Neighbors are good for a lot of things. They can feed your cats when you’re on vacation, lend you a cup of sugar when you’re baking a cake, and according to a new study, lower your risk of experiencing a heart attack. Results of the observational study showed that simply living in a close, friendly neighborhood may be enough to reduce your risk of heart attack by up to 17 percent.
Countless studies have shown that neighborhoods with higher densities of fast food outlets, increased levels of violence, more noise, drug use, and building disrepair often have residents with poor cardiovascular health. However, showing the opposite, that living in a friendly neighborhood with close social interaction can have positive health affects, is a bit much more difficult. In the study published in the British Medical Journal, researchers enlisted 5,000 American adult volunteers with no known health problems over a period of four years. According to a recent press release, the volunteers were periodically monitored for their heart health.
Prior to the study, the volunteers were asked to rate how much they felt a part of their neighborhood on a seven-point scale. Questions such as if they felt they could ask a neighbor for help, whether they trusted their neighbor, or if they felt their neighbors were friendly, were presented to the volunteers. Factors such as race, age, gender, income, marital status, educational level, and underlying mental and physical health issues were also taken into account.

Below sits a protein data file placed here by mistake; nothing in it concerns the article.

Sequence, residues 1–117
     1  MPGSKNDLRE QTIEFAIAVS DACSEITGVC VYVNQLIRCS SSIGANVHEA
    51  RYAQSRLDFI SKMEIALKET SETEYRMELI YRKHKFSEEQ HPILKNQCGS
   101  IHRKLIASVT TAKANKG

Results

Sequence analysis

After the four-year period, 148 of the 5,276 participants experienced a heart attack; 66 were women and 82 men. Using this data, researchers concluded that perceived neighborhood friendliness may be intrinsically tied to one's likeliness to experience this serious health condition. Volunteers who reported positive perceived social cohesion reduced their risk of heart attack by 17 percent. "Perceived neighbourhood social cohesion could be a type of social support that is available in the neighbourhood social environment outside the realm of family and friends,” the authors explained.
According to the American Heart Association, a heart attack occurs when the blood flow that brings oxygen to the heart muscles is either severely reduced or completely cut off. In United States, someone is believed to experience a heart attack every 34 seconds. If you don’t particularly get along with your neighbors you needn’t despair. There are other ways to help lower your risk of heart attacks.
Lifestyle chances can be even more effective in lowering your risk. Risky heath behaviors such as drinking alcohol and smoking cigarettes are associated with some of the highest risks of heart attacks. Cutting out these habits is likely to do far more than a friendly neighbor could ever do for your cardiovascular health. Eating right and making sure you get enough physical exercise in your day can also do wonders for heart health, according to the American Heart Association.